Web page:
The ground gave way, and her leg plunged through the earth, taking her courage with it. Her arms flailed as she fell, seeking something to stop her fall, but they found no purchase. Alessia cried out as her backside hit the wet rock, her leg lodged in the hole she had fallen through.
An icy sense of fear stabbed at her chest. They’d probably heard her. With eyes clenched shut, she forced herself to take slower, deeper breaths. One. Two. Three…she counted to twenty before she let herself believe no one was running towards the sound she’d sent reverberating through the space.
Finding the ground, she pushed herself up. A bolt of pain shot through her thigh. The unpleasant sound of fabric tearing frightened her more than the warm blood gushing over her knee. Alessia bit her lip to hold in another cry.
Damn it to hell! The thought screamed its way through her body. She felt the waxy indignation of it in every muscle. She pictured her mother’s face, paler than ever, as she had pulled Alessia to her just before they parted ways; a tight hug goodbye before tossing their wrist-lights to the ground. Alessia shook her head, banishing the image. Rey, her mother, was fighting her own battle somewhere else. She couldn’t even hazard a guess as to why her father wasn’t there when she’d been roused. She was on her own.
Alessia needed to focus on reality. It was pointless to wish they’d stayed together.
Trying to pull her leg out again might cause more damage, and then she might be unable to walk, which meant death. If she didn’t, though, she would be trapped in that spot, left to her own thoughts until her body gave out. There wasn’t a choice. She had to free herself and it was going to hurt.
A flash of light swept across the wall in front of her. The sudden severity of it burned her eyes and she clenched them shut. When she opened them again, two more beams of light joined the first. She had been walking towards a dead end draped in sand-coloured sulphurous flowstone. And now they’d cornered her. It was over.
“Boss! I’ve found one!” came a bombastic voice. “Down there. Looks like a teenager.”
Heavy footsteps moved closer, dashing through puddles and navigating uneven ground. They’d found her. The human government had changed its mind about her family’s freedom, as they’d been bound to do eventually, and they’d hunted them down. Her fear evaporated with each outward breath, with each jump or sweep of the torchlights. The terrifying darkness that enveloped her had been broken, and for the moment, that was all that mattered.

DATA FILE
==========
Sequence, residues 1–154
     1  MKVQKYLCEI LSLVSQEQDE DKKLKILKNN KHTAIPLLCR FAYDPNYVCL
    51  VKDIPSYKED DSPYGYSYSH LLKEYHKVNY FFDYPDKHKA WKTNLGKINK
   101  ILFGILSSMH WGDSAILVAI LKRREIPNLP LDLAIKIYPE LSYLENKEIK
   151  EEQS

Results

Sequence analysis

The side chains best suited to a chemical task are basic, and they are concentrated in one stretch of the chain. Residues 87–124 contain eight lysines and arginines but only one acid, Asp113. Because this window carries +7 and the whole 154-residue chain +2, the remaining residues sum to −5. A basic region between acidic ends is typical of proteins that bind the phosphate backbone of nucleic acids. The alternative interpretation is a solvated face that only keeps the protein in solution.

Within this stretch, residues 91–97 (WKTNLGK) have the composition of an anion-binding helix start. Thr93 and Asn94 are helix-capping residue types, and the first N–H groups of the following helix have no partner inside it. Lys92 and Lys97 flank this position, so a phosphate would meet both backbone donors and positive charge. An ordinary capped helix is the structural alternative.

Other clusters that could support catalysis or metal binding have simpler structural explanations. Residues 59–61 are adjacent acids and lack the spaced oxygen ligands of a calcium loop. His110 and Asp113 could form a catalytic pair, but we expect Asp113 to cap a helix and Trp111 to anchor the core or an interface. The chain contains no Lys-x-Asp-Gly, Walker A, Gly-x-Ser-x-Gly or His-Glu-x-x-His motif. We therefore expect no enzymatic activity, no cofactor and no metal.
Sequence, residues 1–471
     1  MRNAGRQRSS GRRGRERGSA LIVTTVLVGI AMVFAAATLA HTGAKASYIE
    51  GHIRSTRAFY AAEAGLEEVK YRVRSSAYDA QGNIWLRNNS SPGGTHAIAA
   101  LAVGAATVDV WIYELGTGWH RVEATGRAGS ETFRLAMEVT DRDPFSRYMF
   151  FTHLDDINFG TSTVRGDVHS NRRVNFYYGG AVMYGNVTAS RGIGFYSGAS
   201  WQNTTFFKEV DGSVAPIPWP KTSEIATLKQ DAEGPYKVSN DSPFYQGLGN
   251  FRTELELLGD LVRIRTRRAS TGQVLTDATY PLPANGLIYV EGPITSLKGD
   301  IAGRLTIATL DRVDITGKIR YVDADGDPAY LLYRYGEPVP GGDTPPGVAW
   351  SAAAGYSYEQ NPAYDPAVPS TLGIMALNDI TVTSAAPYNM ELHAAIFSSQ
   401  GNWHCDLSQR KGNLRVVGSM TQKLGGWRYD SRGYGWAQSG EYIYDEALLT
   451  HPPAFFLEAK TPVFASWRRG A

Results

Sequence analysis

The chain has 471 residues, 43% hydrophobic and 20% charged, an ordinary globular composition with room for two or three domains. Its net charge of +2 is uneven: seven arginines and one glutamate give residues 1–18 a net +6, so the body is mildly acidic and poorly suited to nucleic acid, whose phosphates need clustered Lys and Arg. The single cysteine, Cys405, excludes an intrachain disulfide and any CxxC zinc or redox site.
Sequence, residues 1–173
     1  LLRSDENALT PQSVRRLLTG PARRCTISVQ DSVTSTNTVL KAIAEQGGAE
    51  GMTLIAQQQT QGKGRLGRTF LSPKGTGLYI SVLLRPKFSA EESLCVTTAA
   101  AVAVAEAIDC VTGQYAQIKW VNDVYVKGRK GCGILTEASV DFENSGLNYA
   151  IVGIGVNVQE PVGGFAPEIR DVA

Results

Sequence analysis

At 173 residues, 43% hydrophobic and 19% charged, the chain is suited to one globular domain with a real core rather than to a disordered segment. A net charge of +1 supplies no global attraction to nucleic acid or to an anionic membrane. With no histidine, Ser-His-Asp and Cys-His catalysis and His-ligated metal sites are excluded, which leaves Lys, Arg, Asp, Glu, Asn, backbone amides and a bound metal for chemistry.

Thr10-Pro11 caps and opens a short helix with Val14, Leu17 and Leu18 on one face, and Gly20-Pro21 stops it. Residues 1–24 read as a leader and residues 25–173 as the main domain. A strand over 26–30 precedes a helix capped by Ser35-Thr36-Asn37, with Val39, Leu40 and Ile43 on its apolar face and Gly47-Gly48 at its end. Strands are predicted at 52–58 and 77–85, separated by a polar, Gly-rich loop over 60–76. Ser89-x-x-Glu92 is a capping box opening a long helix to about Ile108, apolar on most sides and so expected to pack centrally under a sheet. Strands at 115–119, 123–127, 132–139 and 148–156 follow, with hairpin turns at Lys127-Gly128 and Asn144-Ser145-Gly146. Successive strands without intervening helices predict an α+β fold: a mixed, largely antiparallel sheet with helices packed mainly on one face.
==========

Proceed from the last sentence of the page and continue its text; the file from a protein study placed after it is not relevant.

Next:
“It’s the daughter,” said another voice, more mature than the first. Alessia glanced at the dancing beams of light, two of them growing larger and rounder as the United Earth Alliance’s bounty hunters closed in on her.
Alessia’s leg throbbed. She bent her elbows, leaning back to rest on her forearms. Tightness had taken hold of her body, and it brought on a manic kind of exhaustion. Two men approached and stood before her. The older of the two, a sweaty beast of a man, took another step forwards. He bent down and examined what could be seen of her leg before dimming the light and turning it towards her. After the dense darkness, it was too bright, and she turned away.
“Well, then. Premier Abel will be pleased we found you all alive, Alessia.” His voice dripped with pleasure at his own achievement. She released a soft sigh. The UEA had gone back on its promise to her family. They’d get nothing from her.
Dropping the light between his legs, he leaned forwards and rocked on the balls of his feet. Stale remnants of musky cologne made Alessia’s stomach clench, but she kept her face as still as she could. Her discomfort belonged to her alone.
“It’s for the best, girl,” he told her. “This isn’t exactly an ideal way to live, is it? In the dark. Now, let’s see about getting you out of this hole.” The man stood, removed a handkerchief from his pocket, and then wiped the condensation from his glistening forehead.
“You’re not going to kill me?” Alessia asked, her mouth dry.
“Kill you?” he laughed. “Of course not! We’re not monsters.” He faced the other man. “Spray the wound and get her out of there, Mick. Let’s see about taking these people somewhere safe and protected.”
Rebecca Langham lives in the Blue Mountains (Australia) with her partner, three children, and menagerie of pets. A Xenite, a Whovian and all-round general nerd, she’s a lover of science fiction, comic books, and caffeine. When she isn’t teaching History to high schoolers or wrangling children, Rebecca enjoys playing broomball and reading.